A special case of GLS, called weighted least squares (WLS), occurs when all the off-diagonal entries of Ω are 0. This situation arises when the variances of the observed values are unequal or when heteroscedasticity is present, but no correlations exist among the observed variances. The weight for unit i is proportional to the reciprocal of the variance of the response for unit i.
Ordinary least squares can be interpreted as maximum likelihood estimation with the prior that the errors are independent and normally-distributed with zero mean and common variance. In GLS, the prior is generalized to the case where errors may not be independent and may have differing variances. For given fit parameters , the conditional probability density function of the errors are assumed to be,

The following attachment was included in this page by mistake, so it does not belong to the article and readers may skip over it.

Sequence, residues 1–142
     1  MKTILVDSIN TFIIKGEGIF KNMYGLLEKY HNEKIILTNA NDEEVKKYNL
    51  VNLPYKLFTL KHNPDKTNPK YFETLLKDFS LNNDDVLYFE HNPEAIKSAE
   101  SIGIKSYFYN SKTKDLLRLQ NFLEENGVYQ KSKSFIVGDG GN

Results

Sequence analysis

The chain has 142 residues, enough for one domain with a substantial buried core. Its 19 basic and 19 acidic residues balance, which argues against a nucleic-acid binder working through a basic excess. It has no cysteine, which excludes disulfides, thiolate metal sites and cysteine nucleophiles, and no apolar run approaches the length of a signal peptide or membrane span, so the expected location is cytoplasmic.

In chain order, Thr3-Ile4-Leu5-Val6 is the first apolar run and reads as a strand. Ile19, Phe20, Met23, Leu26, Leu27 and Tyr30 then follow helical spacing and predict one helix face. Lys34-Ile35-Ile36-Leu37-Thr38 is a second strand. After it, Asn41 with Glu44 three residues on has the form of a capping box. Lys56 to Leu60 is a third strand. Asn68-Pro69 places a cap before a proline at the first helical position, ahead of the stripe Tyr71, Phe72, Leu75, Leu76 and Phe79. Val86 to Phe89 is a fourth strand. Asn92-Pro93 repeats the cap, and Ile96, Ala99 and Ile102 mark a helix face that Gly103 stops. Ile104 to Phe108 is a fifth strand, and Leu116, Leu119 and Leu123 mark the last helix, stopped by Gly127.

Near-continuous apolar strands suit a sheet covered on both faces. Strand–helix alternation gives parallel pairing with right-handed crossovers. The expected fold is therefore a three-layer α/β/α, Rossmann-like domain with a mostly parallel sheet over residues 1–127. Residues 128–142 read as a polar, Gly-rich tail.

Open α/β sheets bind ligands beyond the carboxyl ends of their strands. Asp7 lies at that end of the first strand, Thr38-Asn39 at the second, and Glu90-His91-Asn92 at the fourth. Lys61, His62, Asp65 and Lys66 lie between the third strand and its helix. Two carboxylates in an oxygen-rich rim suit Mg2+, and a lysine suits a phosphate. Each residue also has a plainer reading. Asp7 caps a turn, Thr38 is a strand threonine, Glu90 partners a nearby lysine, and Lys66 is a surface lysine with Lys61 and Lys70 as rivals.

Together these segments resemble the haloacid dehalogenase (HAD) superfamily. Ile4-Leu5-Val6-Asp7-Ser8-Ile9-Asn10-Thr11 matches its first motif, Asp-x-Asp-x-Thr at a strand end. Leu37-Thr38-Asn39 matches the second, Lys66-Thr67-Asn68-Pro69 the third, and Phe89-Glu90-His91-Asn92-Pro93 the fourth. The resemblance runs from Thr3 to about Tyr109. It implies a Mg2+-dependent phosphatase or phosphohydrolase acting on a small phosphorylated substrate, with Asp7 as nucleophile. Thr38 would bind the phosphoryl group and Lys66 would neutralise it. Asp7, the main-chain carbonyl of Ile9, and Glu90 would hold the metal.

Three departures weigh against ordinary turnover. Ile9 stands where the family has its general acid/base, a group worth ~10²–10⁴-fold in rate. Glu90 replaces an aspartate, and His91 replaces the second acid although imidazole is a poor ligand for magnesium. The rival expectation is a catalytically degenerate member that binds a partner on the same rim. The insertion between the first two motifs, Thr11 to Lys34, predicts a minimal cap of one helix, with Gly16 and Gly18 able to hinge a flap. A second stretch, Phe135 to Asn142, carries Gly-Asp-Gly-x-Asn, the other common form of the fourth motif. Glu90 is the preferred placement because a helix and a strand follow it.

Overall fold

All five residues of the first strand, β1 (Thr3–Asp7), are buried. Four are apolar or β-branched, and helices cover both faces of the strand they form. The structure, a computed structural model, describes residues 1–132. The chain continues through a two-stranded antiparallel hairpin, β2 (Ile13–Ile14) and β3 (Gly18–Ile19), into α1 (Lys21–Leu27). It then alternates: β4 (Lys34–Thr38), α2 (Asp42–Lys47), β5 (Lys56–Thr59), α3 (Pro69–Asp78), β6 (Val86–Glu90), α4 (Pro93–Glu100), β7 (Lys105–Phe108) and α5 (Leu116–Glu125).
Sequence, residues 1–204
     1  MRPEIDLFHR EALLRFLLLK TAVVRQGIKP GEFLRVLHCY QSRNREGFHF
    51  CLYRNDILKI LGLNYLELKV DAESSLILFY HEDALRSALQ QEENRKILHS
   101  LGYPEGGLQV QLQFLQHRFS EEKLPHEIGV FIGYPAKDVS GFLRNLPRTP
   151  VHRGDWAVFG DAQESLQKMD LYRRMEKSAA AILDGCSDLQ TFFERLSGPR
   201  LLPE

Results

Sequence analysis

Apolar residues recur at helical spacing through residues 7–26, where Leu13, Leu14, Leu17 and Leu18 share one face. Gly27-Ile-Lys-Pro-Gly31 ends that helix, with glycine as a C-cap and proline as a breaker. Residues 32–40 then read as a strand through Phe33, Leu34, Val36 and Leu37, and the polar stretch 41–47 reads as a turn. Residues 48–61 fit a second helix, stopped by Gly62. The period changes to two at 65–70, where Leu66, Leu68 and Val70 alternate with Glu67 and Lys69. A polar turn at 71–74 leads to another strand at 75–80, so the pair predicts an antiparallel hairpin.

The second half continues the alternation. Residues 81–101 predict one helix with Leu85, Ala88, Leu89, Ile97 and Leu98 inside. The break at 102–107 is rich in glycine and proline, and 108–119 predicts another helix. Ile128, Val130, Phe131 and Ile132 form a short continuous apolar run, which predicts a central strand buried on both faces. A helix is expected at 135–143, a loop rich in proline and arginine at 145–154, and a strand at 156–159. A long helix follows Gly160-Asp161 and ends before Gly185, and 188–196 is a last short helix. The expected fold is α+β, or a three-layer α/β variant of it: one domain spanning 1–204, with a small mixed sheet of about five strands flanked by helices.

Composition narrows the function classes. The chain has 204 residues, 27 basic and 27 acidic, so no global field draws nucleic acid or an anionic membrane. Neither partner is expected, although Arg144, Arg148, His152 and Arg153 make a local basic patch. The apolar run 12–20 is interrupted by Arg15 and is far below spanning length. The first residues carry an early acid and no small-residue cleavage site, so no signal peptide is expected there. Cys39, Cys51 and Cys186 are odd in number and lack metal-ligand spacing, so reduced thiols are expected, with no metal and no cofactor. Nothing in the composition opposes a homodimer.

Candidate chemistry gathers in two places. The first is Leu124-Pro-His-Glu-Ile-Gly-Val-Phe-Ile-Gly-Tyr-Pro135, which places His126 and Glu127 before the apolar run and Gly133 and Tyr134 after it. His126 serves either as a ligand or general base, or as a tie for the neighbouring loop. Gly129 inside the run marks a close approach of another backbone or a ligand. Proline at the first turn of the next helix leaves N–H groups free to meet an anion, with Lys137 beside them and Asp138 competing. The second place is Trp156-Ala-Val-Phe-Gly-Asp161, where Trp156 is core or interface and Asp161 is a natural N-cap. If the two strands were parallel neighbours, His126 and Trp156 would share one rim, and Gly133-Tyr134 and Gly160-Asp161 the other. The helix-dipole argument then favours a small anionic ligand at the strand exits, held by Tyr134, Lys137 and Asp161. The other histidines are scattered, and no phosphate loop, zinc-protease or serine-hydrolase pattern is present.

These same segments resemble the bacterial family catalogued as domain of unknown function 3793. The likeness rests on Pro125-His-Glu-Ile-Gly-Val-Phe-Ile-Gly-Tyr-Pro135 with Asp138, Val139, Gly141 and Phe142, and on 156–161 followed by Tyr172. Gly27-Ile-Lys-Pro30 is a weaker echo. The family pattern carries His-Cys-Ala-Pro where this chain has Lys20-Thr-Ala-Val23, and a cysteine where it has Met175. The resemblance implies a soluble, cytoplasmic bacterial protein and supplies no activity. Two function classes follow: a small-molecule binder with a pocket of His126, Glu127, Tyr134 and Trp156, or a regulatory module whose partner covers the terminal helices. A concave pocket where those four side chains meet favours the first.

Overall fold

where has been substituted for , and the optimization problem has been re-written using that the logarithm is a strictly increasing function and the property that the argument solving an optimization problem is independent of terms in the objective function which do not involve said terms.
If the covariance of the errors is unknown one can get a consistent estimate of , say , using an implementable version of GLS known as the feasible generalized least squares (FGLS) estimator.
In FGLS, modeling proceeds in two stages: